The internet eventually attracted business, and created a new marketplace. This marketplace attracted everyone from high powered CEOs, to computer nerds, to "average Joe's." Most importantly, though, the internet changed the landscape of knowledge management, and in turn, it set the path for a change in the way organizations do business (Locke 2000, 10). In his article, "The Longing," David Weinberger (2000) writes, "We don't know what the web is for but we've adopted it faster than any technology" (43). The internet was, and still is today unique in that people use for no reason at all. Not only is it a medium for transporting information, but it also serves as a source of entertainment. The usage alone by users essentially "surfing" the world wide web clocks in at over millions of hours a year.

Company intranets, which are basically internal networks running on the Internet, are one of the primary sources of knowledge sharing employed by companies today (Bonnet 2000, 237). Intranets streamline company processes, such as: delivery, purchasing, and developing of products (Bonnet 2000, 237). In fact, purchasing online is more inexpensive and easier than the actual purchase of products through retail shops.

Another advantage to the intranet is that it connects employees. The intranet allows a company to spread its employees in many different areas of the country, or even the world, yet still remain in communication with them. An example of the benefits of intranets is they can train people, organize employees' accounts, and inform about new policies and procedures (Bonnet 2000, 238).

The intranet is also effective in reducing internal costs. They can keep administration and management down to small numbers by serving as a "universal" administrator. Bonnet notes that, "Intranet communication lets companies do the most with the least head count" (238). She points out that a firm can adjust its internal networks to guide company policies, and in turn, reduce the number of employees needed (Bonnet 2000, 238).

The point of mentioning the intranet is that it is yet another example of the way companies maintain their knowledge. Intranets, however, are only the "tip of the iceberg" when it comes to modern day technologies. Networking and the transfer of information have only begun to transform.

Every year, technology grows by leaps and bounds, and new, faster ways of maintaining information are developed. The intranets, while still important, are slowly becoming a thing of the past. We are entering the digital age, where the internet is only a secondary means of transporting information. Companies that just converted to the World Wide Web will soon realize that their network has just "gone out of style."

We all witnessed the internet boom and bust, but this is not to underestimate the importance of the internet. The bust was not a knock against the potential of the World Wide Web, but rather bad timing and resource management. Disregarding the eventual bust of many of the dot-coms, we can explore some of their origins, and the speed in which they developed and took form.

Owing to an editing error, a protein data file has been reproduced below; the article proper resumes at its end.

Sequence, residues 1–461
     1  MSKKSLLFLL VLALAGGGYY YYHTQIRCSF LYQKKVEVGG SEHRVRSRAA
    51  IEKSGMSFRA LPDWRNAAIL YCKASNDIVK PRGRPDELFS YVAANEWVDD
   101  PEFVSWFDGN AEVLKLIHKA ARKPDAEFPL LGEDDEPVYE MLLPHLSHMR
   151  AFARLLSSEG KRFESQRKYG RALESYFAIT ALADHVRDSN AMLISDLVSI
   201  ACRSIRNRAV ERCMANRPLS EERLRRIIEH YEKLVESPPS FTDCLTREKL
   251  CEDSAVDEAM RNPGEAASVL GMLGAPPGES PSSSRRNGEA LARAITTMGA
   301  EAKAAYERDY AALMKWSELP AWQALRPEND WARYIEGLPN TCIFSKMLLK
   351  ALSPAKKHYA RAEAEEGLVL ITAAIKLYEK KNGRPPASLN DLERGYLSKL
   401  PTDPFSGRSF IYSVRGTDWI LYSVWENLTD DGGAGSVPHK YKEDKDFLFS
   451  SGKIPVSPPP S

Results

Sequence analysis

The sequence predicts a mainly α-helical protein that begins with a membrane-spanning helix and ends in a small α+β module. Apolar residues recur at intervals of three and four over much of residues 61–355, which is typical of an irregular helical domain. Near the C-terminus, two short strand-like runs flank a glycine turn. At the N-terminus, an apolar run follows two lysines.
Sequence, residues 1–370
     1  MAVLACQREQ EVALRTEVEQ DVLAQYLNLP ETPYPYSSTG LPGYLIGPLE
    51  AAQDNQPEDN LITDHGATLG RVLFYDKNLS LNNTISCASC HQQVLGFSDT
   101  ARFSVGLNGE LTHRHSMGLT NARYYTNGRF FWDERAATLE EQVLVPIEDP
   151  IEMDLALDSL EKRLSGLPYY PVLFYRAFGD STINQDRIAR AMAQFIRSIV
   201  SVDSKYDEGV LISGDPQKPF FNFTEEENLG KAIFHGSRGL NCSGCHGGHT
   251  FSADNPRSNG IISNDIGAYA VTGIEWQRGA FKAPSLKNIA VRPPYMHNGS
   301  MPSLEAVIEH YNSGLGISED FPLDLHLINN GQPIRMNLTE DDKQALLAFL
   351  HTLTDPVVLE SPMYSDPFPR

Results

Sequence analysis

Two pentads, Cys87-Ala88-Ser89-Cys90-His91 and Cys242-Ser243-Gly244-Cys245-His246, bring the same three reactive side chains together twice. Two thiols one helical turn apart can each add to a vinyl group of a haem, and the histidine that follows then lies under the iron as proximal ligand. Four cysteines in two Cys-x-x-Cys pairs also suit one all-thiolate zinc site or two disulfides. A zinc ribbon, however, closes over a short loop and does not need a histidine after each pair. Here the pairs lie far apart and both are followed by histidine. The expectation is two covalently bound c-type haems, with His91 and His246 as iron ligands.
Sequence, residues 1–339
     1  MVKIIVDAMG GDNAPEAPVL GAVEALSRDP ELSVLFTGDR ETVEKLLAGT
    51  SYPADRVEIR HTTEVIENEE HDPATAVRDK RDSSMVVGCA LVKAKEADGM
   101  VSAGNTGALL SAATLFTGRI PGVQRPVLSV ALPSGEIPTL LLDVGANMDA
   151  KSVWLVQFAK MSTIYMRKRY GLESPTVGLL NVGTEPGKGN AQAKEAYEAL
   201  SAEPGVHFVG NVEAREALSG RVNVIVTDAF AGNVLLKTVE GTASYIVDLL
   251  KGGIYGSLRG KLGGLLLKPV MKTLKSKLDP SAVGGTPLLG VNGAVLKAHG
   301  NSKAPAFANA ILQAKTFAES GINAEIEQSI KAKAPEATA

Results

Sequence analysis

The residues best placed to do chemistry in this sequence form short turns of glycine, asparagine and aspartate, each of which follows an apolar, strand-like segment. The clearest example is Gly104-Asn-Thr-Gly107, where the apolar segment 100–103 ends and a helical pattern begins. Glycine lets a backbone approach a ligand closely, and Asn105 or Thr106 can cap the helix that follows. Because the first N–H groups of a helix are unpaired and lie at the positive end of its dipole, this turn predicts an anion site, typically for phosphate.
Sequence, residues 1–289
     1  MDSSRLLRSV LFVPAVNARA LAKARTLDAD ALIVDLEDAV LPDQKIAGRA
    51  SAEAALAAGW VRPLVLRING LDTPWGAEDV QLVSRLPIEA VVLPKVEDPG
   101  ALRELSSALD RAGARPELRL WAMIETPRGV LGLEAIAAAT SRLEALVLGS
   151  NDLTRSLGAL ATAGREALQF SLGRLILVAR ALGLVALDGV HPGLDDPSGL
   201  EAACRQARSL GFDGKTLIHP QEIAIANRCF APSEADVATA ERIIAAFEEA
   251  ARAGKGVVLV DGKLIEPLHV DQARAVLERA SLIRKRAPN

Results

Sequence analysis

One example is the website, Sparks.com. Founded by Felicia Lindau, this company offered greeting cards that could be custom designed according to the customer's demands (Carlassare 2001, 189). It was brilliant in that it catered to the customers' needs, as opposed to a local gift shop where the cards are pre-designed and selection is limited.

Lindau came up with the idea when she was working as an account supervisor at an advertising agency (Carlassare 2001, 190). She envisioned the idea after forgetting to buy a card for a special occasion and realizing that all the gift shops and pharmacies were closed. She was faced with the dilemma that she could not be able to send the card on time, when she came up with the idea of a way for customers to custom design and send cards with just a few easy clicks of the mouse.

Her idea transformed into multimillion-dollar company that is still thriving today. The catalyst to her success is a theme I have previously harped on, and will continue to emphasize throughout the paper -- that the technology surrounding information technology is so advanced (and advancing at such a fast pace) that simple ideas can conceptualize into actual million dollar organizations in an incredible short amount of time.

The new revolution -- today and tomorrow's revolution -- is digital. Digital ways of processing and storing information is going to be the predominant technology of the future. This is not to say the internet will be obsolete (the two will intertwine with each other) but rather somewhat of a secondary means of transferring information.

The focus of the next part of my paper is on the digital revolution, and what companies need to… [END OF PREVIEW]